Wednesday, December 1, 2021





The Jacket


I‘ve known soldiers who kept their old uniforms

hanging pride-of-place in their closets.

Same with my old leather jacket.

I’ll never wear it again but somehow

it manages to dodge that yearly old-clothes clear-out,

when stuff that no longer fits,

or is two generations out of date,

goes into the local donation hamper.


It is a uniform in a way

though nothing like what the bike gangs wear,

the ones I see on the highway,

a skull on every back,

long gray hair on every head.


It’s from when it was cool

to think you were cool,

and what you draped tight around your shoulders,

how you strutted down the sidewalk

or on the floor of the club,

meant more than any books you’d read lately

or what woods you’d walked through,

what wildflowers you’d sniffed.


It was a way to impress the women

via the way I impressed myself,

posing before the mirror,

then learning to pose even when on the move,

a means of getting loud

even when my true nature was on mute,

an introduction so much more brave

than whatever would spill from my tongue.


That jacket was the finest attitude

any cowhide could come up with.

It had people believing

that it was really me.

Now it’s faded and a size too small.

Like the past.

It too, faded.

It too, a size too small.


My Hand


In its palette,

its creative force,

is a willingness to display itself,

body and soul,

the hand,

fresh from a rinse under the tap

and yet still with smidgens of dirt

under the nails.


The palm is crisscrossed,

one finger is ringed,

and, as it grasps,

it can intensify with stillness.


At other times,

it smears, it digs,

it tap-dances on a table,

is front and center

in many a magic act

and has more gestures

than an Italian soprano

(or just as many).


But now it merely

offers itself

to something similar

of yours.


It’s a vow

made of flesh and bone.

What I could tell you,

it will let you know.




I read these stories

where the hero is so heroic

there’s nothing left

for the rest of us.


He’s Superman.

He’s Hercules.

And what am I?


I thought that

the idea was to be human,

more average than not,

winning some,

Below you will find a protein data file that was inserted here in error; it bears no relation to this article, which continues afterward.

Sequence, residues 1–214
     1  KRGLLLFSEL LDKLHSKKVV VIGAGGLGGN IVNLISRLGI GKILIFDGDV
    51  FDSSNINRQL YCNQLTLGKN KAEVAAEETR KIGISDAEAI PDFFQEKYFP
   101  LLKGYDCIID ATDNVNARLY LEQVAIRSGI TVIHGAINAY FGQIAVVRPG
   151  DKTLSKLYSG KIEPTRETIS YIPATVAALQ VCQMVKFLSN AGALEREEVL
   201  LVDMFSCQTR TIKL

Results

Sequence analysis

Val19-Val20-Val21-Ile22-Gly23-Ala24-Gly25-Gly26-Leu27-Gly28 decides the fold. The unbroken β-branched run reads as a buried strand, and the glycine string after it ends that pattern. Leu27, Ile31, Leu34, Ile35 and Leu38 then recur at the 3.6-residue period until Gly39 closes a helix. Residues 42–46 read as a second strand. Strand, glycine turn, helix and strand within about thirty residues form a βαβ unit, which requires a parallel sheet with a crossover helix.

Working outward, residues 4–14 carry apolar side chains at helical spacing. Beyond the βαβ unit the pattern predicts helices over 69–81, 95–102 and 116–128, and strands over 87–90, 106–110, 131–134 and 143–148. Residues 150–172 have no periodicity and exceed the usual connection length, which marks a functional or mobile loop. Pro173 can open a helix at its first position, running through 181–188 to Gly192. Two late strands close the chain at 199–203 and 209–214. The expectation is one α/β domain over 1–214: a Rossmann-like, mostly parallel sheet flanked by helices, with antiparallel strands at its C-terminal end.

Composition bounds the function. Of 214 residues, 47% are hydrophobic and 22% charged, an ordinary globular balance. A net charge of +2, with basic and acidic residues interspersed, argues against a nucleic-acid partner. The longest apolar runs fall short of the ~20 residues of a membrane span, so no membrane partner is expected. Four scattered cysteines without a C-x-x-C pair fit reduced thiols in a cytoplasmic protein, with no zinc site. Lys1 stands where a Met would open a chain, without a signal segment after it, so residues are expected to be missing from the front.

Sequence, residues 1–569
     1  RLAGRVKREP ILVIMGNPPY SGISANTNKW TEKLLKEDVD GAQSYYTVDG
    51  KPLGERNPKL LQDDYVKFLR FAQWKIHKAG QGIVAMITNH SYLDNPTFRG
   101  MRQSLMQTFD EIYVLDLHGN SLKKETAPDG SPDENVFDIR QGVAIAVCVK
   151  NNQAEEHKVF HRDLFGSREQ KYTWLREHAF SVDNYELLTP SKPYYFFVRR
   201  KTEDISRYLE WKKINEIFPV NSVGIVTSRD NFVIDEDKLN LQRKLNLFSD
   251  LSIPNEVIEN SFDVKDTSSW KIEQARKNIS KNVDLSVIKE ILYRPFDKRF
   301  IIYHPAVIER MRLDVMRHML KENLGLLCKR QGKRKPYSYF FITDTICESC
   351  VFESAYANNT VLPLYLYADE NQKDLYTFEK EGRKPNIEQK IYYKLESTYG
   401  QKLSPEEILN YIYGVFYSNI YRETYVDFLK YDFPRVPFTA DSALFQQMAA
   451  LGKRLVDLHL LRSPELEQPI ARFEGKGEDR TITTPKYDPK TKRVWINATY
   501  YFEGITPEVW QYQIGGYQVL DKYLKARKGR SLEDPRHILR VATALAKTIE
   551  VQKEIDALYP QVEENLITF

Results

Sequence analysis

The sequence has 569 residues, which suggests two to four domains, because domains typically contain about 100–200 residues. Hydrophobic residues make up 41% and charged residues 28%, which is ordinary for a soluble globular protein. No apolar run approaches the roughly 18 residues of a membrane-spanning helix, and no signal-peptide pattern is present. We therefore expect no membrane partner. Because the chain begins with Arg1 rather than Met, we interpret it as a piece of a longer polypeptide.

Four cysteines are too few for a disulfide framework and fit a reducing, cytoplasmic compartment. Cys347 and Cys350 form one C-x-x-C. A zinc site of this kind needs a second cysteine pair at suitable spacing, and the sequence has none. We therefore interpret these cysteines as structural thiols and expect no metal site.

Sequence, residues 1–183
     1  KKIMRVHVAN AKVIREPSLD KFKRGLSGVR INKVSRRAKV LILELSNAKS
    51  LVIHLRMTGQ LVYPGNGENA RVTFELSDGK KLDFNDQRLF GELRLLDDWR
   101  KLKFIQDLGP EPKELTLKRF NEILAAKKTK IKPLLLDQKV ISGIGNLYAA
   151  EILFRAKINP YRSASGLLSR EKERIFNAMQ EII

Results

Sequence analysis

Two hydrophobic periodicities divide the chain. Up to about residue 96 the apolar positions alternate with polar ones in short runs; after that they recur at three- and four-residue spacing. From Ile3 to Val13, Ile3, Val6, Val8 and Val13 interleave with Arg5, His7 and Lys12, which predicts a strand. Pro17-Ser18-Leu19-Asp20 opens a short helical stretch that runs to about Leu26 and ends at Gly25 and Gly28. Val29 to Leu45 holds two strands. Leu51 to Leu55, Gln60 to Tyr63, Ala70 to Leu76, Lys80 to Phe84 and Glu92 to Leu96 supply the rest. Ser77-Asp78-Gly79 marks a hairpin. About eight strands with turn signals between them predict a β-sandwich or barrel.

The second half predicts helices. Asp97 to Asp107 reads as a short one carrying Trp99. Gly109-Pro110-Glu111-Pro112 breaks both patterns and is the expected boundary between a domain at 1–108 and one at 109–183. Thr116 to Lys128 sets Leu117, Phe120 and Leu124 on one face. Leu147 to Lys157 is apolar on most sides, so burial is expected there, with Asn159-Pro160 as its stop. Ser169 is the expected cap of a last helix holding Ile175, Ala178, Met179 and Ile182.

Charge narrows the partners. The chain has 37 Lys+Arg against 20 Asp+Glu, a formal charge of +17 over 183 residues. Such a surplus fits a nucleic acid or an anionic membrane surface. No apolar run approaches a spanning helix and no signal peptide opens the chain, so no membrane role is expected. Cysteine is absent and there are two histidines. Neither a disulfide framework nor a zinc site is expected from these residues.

losing some,

coming out equal enough

to die when the time is right.


But there’s super-villains

that you or I could never handle,

there are monsters that would devour

us in a trice.


I reckoned on things

like relationships, jobs,

family, education.


But I read these stories

where some guy

wants to control

the entire universe.


Of course, he’s defeated.

But not by anything in my tool kit.

Your Promises To Yourself


Chief among them,

with the agony

of a wrist operation

still brutalizing your memory,

the promise never to go

rock-climbing again.

Or water-skiing for that matter.

And certainly not

jumping off that cliff

strapped to a glider.


And then there were

those societal vows

like no more family barbecues

or, if forced to attend,

a one hamburger, one hotdog,

three sentence limit.

And none of that heart-losing stuff,

no matter how attractive the woman.

You would pay for the dinner

with stoicism.

You would invite her back to your place

but only if apathy

made up a threesome.


No more thrill-seeking, no more love-making.

Never be hurt again, was your motto. And it hurt.


No Need To Remind Me


Main Street is a high tide

of swirling brown water.

It’s already up to the waist

and deep and relentless

enough to drown in.


The river overwhelms dry land,

as earth swells,

trees slam into cars,

light-poles bend like old men,

and a mud-slide on Cemetery Hill

exposes coffins.


All it would take

is for one cocooned corpse

to break free,

float by the flooded houses,

abandoned Fords and Buicks,

the shuttered diner,

the church where townsfolk

gather to live as much as pray.


One guy dead

going on thirty years

is all the faces pressed to windows

need to see.

Same as the cop in his motorboat.

And rescue guiding down folks from rooftops.


Everybody’s doing their best to survive,

to ensure the survival of others.

So why drag up old cancers,

withered heart attacks.

Do your damage, floodwaters.

Just don’t emphasize.




JOHN GREY is an Australian poet, US resident, recently published in Sheepshead Review, Poetry Salzburg Review and Hollins Critic. Latest books, “Leaves On Pages” and “Memory Outside The Head” are available through Amazon. Work upcoming in Lana Turner and International Poetry Review.


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